Ziese, M., Kreienkamp, F., Pankatz, K., Brand, S., Pasternack, A., Pohlmann, H., Modali, K., Früh, B.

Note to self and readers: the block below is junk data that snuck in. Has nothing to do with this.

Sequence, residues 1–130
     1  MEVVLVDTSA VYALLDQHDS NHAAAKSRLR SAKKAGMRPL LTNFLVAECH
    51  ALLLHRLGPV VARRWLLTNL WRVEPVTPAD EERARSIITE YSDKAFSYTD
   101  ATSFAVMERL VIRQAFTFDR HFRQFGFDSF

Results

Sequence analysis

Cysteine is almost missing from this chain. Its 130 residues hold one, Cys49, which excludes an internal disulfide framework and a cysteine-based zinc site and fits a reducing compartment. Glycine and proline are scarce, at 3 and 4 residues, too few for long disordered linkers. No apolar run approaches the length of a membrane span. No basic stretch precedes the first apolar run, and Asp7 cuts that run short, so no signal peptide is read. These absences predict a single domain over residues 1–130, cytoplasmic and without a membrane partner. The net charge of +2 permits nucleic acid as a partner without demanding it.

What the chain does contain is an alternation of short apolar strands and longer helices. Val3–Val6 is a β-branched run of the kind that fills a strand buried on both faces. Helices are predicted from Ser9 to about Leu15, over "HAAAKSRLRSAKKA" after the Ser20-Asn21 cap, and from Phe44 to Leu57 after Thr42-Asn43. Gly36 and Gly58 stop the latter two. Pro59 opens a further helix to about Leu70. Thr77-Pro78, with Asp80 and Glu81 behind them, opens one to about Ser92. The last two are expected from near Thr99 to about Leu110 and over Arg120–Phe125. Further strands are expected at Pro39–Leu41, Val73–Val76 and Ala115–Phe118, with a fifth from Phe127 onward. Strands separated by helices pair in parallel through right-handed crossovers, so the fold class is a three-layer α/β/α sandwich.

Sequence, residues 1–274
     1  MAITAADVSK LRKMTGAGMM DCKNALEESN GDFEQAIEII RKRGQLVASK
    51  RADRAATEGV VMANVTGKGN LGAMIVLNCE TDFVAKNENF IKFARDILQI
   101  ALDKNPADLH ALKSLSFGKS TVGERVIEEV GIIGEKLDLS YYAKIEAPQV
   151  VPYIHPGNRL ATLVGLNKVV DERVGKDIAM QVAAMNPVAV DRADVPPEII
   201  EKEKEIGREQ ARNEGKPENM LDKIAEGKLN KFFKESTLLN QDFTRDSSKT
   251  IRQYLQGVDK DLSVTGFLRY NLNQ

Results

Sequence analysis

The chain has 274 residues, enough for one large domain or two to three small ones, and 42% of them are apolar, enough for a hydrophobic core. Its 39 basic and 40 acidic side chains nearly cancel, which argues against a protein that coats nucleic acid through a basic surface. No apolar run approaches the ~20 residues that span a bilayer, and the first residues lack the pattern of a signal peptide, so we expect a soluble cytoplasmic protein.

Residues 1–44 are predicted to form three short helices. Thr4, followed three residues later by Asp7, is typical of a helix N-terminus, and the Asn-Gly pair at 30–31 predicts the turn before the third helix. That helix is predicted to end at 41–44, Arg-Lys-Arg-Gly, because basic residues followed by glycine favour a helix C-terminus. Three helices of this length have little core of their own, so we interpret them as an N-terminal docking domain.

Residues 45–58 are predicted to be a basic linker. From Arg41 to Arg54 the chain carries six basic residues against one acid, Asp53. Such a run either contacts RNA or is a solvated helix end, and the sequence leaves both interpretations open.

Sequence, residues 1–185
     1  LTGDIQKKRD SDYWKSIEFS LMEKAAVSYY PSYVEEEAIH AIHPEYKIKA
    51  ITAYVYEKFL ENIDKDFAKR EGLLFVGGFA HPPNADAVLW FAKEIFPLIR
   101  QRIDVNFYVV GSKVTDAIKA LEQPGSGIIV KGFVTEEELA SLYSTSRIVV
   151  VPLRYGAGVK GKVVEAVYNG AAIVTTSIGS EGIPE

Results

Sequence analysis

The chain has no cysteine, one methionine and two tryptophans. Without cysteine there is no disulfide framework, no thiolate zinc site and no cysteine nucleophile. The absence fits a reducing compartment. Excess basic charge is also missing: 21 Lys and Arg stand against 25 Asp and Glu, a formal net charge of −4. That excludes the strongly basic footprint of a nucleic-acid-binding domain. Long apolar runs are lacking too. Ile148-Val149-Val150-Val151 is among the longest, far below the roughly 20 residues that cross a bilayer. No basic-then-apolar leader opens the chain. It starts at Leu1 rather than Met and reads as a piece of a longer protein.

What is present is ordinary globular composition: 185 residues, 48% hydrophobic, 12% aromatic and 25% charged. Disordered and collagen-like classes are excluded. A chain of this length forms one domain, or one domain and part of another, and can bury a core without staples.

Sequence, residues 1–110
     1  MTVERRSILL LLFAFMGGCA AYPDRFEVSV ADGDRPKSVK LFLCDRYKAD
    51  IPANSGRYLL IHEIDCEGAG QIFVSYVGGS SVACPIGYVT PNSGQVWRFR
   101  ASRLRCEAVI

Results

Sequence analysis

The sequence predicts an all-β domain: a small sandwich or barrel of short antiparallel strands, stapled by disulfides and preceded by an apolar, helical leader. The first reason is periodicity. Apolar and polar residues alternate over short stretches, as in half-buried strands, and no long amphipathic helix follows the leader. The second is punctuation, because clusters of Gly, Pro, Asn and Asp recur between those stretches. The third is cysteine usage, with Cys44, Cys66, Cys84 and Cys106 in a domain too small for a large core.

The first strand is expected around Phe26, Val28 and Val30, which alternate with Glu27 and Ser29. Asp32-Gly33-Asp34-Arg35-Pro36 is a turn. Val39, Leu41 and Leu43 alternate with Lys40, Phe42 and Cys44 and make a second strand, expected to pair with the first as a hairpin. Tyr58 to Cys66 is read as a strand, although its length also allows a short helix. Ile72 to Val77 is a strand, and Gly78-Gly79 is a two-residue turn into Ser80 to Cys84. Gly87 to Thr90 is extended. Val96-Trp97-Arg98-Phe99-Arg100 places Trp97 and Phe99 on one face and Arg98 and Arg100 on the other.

Multi-year droughts strongly impact food production and water management. Thus, predictions for the next decade are required for decision makers. This study analyzes the decadal prediction skill of the Global Precipitation Climatology Centre Drought Index (GPCC‑DI) and its components, namely the Standardized Precipitation Index (SPI‑DWD) adapted by the German Meteorological Service (Deutscher Wetterdienst, DWD) and the Standardized Precipitation Evapotranspiration Index (SPEI) within the German global decadal prediction system. The decadal predictions are recalibrated. The prediction skills of the two prediction types ensemble mean predictions and probabilistic predictions are evaluated against those of the commonly applied reference predictions observed climatology and uninitialized simulations. The evaluation of 4‑year mean droughts for the lead-year period 1–4 at 5° spatial resolution shows high prediction skills for the SPEI in the tropics, especially northern Africa, and several heterogeneously distributed hot spots for the SPI‑DWD. The advantage of GPCC‑DI is its global coverage, but it hardly enhances the SPI‑DWD and SPEI skills. The recalibration clearly enhances ensemble mean prediction skills in slightly improving correlations and in strongly reducing standard deviations as well as large conditional biases in decadal predictions. For probabilistic predictions, impacts of conditional biases and recalibration are less prominent. To meet user requirements decadal drought predictions with higher temporal and spatial resolutions are analyzed. 1‑year mean droughts for lead year 1 mostly show smaller prediction skills than 4‑year means because of larger small-scale noise, but some regions reveal improved skills due to regional processes predictable at the 1‑year time scale, e.g. over the western United States. Drought predictions at 2° resolution show similar spatial skill patterns with enhanced fine-scale structures mostly without losing prediction skill. A user-oriented evaluation of the decadal GPCC‑DI prediction for the severe North African drought of 2008–2011 reproduces most observed drought index tendencies in both prediction types, but intensities are often underestimated. Finally, the decadal GPCC‑DI prediction for 2018–2021 presents a drought over North Africa and Arabia and wetting over the Northern Hemisphere in both prediction types. For 2018, predicted patterns are similar but with smoothed intensities. In summary, decadal drought prediction skill depends on the indices, time periods, and areas considered. However, the analyzed drought indices can provide skillful high-resolution information for several future time periods and regions meeting user needs for decadal drought predictions.